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What’s Next For Severn Trent Plc?

With shares, as with much in life, things tend to run in cycles. A share may at one time may be flavour of the month and considered a very good investment, and another time it couldn’t be more out of fashion.

I see this effect clearly with the utilities. At the turn of the century, the stocks of the moment were tech companies and internet start-ups, which were bid up to crazy levels.

At the time, growth was the key, and mundane, unexciting shares such as the water, electricity and gas companies were unloved and unwanted.

Seeing through the fog of market sentiment

Contrarians and value investors would have seen through the fog of market sentiment and realised that these utility companies were reliable companies which produce steady profits year-in and year-out.

However unfashionable these companies were, they would not suddenly lose their business or their profitability. Canny investors will have seen a once-in-a-cycle buying opportunity.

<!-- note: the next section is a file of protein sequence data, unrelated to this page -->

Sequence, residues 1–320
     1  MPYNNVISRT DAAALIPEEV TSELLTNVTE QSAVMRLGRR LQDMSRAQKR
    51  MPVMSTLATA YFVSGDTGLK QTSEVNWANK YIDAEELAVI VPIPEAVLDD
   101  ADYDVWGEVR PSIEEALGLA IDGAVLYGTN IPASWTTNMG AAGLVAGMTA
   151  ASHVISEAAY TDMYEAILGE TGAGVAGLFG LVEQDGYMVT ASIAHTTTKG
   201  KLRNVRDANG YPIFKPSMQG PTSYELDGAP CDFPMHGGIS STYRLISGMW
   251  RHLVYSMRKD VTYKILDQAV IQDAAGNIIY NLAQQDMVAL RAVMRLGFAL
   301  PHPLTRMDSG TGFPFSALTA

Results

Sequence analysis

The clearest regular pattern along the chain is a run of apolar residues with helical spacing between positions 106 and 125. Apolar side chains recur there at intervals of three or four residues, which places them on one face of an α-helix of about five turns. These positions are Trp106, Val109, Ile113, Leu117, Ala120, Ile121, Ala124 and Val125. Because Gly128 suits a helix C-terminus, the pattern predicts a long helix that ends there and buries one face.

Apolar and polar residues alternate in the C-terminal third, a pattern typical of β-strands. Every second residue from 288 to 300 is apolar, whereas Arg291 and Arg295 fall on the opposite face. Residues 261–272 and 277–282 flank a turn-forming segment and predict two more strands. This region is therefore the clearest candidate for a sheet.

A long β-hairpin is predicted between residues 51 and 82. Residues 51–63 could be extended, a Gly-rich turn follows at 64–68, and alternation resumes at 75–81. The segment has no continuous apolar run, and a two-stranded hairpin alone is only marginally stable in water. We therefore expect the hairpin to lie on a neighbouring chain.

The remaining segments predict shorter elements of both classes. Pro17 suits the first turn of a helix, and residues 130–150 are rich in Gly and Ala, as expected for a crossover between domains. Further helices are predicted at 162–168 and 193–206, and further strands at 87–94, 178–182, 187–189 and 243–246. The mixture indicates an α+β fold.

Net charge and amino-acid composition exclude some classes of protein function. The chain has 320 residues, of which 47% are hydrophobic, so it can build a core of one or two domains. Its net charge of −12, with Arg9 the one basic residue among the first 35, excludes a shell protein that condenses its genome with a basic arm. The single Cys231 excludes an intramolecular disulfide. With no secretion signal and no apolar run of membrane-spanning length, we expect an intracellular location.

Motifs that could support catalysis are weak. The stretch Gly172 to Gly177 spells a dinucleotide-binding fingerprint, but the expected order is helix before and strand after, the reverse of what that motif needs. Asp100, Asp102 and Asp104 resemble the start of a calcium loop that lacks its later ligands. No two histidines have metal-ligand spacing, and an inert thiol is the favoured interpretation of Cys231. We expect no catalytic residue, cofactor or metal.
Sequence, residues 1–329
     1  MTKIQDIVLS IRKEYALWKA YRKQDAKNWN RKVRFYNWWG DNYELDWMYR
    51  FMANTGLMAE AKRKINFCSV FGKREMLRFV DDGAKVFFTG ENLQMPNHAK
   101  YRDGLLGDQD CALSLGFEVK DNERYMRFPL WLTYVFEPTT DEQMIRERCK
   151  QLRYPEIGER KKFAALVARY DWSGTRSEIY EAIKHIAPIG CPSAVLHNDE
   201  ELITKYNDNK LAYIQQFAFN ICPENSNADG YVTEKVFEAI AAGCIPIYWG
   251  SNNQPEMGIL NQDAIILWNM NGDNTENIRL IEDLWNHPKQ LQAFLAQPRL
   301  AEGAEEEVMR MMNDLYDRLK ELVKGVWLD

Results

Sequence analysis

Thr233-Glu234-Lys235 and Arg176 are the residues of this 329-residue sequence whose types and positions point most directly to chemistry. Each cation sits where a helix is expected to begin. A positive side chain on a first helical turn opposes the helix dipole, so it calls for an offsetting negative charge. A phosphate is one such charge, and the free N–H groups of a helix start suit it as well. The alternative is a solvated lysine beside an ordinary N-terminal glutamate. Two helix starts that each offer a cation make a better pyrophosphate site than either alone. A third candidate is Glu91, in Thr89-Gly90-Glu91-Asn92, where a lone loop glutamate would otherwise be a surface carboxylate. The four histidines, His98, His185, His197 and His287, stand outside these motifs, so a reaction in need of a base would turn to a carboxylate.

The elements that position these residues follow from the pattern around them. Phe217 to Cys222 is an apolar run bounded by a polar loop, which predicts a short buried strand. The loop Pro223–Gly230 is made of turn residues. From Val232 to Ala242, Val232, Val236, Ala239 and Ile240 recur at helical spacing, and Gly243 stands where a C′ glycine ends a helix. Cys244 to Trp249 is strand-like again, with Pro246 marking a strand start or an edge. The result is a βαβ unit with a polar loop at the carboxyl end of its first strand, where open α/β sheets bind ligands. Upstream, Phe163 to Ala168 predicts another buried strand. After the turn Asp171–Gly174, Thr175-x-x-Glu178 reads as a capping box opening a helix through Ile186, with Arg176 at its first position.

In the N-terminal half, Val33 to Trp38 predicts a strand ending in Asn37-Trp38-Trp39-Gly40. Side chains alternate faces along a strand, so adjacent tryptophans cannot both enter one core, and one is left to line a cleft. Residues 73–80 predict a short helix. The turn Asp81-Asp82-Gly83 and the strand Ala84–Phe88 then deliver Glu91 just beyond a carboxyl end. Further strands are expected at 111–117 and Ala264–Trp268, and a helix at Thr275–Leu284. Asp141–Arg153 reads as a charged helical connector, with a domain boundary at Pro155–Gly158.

Anyone who bought Severn Trent (LSE: SVT) shares at the turn of the century would have seen the share price more than triple. And the total return would have been a lot higher, since these companies consistently pay juicy dividends.

Let’s check the fundamentals

So is Severn Trent still a buy? Well, let’s check the fundamentals. The current P/E ratio is 20, which is considerably higher than the FTSE 100 average. The company trades at more than three times book value. Profitability is predicted to be fairly consistent in future years.

However, pressures to reduce water, electricity and gas bills are building. I suspect this will put a lid on future profitability. Plus, crucially, this may turn sentiment negative on the utilities.

But something really stands out: the debt-to-equity ratio. The value of Severn Trent’s debt is far greater than its market capitalisation. You might argue that utilities have a stable revenue stream, and so can live with higher debt levels, but the debt level still seems very high.

This company looks far too expensive

In the round, this means to me that Severn Trent looks expensive. Profitability may be steady, but I can’t see profits increasing substantially in the future. Defensives such as the utilities have been bid up to very high levels.

This is not a share I would consider buying at the moment. In fact, if I were a current shareholder, I would consider taking profits on my holding.

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> Prabhat does not own shares in Severn Trent.